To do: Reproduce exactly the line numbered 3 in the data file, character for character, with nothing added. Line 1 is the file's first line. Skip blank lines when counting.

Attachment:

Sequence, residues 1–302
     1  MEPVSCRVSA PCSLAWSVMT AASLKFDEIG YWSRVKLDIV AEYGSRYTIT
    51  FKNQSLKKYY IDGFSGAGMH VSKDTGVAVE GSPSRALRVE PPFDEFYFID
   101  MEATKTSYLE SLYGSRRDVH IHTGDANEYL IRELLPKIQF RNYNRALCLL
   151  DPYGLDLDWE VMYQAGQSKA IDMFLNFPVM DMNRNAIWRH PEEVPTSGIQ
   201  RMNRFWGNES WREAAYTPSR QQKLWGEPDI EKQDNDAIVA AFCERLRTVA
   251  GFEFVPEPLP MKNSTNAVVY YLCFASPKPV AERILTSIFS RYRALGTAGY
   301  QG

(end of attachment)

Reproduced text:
    51  FKNQSLKKYY IDGFSGAGMH VSKDTGVAVE GSPSRALRVE PPFDEFYFID